What? Fannie And Freddie May Not Sell Bad Mortgagaes After All?

Regulator says Fannie, Freddie might sell bad assets

By John Poirier

Sunday, October 5, 2008; 2:43 PM

WASHINGTON (Reuters) – Fannie Mae (FNM.N) and Freddie Mac (FRE.N) may sell some bad assets to the Treasury Department but a decision has not yet been made, the regulator of the two mortgage finance companies said on Sunday.

“They are financial institutions that could sell assets,” James Lockhart, director of the Federal Housing Finance Agency, said during a C-SPAN television interview. “Whether they will or not certainly the decision has not been made.”

Lockhart estimated that between 2 percent and 4 percent of Fannie and Freddie’s assets are bad mortgages.

On Friday, President George W. Bush signed into law a $700 billion bailout package for the U.S. financial industry aimed at allowing Treasury to buy soured assets from institutions that have stopped lending to each other as well as individuals and businesses.

The two government-sponsored enterprises, which were seized by the government in early September, own or guarantee almost half of the country’s $12 trillion in outstanding home mortgage debt.

The first asset sale under the Treasury program is not expected to take place for at least four weeks, sources familiar with the financial rescue plan said on Friday.


THE BAILOUT Parts B & C – Congress Wants More Money & They Haven’t Even Voted Yet

Well the Spin is already starting –

The Pundits are admitting that this plan simply won’t work ….. without more cash –

The Pundits are now saying the Bailout Plan will need to be “supplemented” with additional cash (100’s of Billions) to “Recapitalize the Banks” and then funding will be required to provide “mortgage assistance” to that group of troubled homeowners who might get assistance under the “bailout plan” – the Bailout will only assist 1/2 the homeowners in the Country – those who have a mortgage with a bank or institution participating in the bailout (healthy banks and institutions won’t be participating) ……..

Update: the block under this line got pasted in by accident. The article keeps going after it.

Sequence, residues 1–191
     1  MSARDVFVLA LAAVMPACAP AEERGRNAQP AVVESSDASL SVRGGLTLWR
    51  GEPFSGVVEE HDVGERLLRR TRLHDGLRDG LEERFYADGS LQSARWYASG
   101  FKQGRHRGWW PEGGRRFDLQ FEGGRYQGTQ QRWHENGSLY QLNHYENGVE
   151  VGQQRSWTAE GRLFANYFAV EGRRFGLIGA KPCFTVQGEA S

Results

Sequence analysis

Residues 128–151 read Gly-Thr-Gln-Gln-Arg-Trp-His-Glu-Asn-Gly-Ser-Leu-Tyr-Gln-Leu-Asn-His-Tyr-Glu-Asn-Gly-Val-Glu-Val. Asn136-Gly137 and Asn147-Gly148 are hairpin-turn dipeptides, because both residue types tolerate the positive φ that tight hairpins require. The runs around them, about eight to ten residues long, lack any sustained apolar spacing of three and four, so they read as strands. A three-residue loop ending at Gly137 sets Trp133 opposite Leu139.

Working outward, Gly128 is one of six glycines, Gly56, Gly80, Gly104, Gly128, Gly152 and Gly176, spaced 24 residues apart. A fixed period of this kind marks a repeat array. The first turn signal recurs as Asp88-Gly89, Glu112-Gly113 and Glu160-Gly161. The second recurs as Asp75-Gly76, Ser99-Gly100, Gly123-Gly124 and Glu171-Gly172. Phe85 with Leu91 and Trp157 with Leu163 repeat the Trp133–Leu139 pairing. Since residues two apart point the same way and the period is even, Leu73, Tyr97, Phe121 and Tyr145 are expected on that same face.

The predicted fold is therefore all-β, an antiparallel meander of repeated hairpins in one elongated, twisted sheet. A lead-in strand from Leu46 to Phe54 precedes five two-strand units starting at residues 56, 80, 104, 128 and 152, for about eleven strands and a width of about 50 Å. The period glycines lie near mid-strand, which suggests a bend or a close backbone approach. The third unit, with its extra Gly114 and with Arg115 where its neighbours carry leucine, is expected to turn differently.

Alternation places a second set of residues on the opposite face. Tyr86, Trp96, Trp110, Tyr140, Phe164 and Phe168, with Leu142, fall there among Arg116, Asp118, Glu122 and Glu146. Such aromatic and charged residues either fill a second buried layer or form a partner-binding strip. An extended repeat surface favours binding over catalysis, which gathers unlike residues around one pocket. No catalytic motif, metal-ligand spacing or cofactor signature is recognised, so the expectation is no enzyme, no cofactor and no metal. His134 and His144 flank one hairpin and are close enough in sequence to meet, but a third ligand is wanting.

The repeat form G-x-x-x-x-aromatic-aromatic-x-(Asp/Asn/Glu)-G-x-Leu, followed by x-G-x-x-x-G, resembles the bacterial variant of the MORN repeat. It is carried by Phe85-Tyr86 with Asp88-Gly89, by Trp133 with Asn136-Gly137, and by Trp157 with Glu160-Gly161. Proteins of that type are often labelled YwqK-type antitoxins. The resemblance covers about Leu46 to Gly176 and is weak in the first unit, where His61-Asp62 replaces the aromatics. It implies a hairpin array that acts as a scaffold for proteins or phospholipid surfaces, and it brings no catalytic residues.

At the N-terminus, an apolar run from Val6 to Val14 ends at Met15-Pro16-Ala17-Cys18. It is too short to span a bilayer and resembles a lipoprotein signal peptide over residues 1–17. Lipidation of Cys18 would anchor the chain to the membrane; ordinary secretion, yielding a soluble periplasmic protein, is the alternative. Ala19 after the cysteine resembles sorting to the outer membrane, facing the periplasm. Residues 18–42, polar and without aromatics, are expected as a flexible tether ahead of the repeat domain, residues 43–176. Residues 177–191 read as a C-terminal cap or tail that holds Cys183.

This remonds me of an old saying – “In for a penny, in for a pound” (As in the British pound – Guess I should change the saying to “in for a penny, in for a dollar”). The point being, they’ll be back to us in less than a month for more money – telling us “you don’t want to waste your first ‘investment’ of a trillion dollars do you?”.  

There isn’t just one more shoe to drop – there are at least two ….. and we haven’t even been given a preliminary price for these new shoes.

Remember – there is no guarantee that the first portion of the  “Bailout” will work.

Contact your Congressperson and tell them to Vote NO today. 

Contact Your Senators Here:  http://www.emailyoursenator.com/senators.html  Click on your Senators, Select the Contact Folder and then  click on the email address.

Contact Congresspeople: http://www.house.gov/zip/ZIP2Rep.html You’ll need your zip  code

VIDEO: The Bailout & Fannie Mae – FOLLOW THE MONEY

VIDEO: Small Banks Are Still Lending – Credit On Main Street – So Says Banking Association

See The Video Here: Select “Small Banks Still Lending” Video: http://www.foxbusiness.com/video/index.html?playerId=videolandingpage&streamingFormat=FLASH&referralObject=3126969&referralPlaylistId=search|small%20banks

This is a second video on Small Bank lending – This Banker notes his bank is lending – but he supports the Bailout – Then why all the scare tactics.

FDIC Deposit Increase – Just Another Tax Increase, Says Bill Isaac – Former FDIC Chairman

The FDIC’s “Insurance Fund” Myth

By: Vernon Hill   Thursday, September 11, 2008 10:02 AM

When FDIC head Shelia Bair says her agency might have to bolster the FDIC’s insurance fund with Treasury borrowings to pay for the new spate of bank failures, a lot of us, this 40-year banking veteran included, assumed there’s an actual FDIC fund in need of bolstering.We were wrong. As a former FDIC chairman, Bill Isaac, points out here, the FDIC Insurance Fund is an accounting fiction. It takes in premiums from banks, then turns those premiums over to the Treasury, which adds the money to the government’s general coffers for “spending . . . on missiles, school lunches, water projects, and the like.”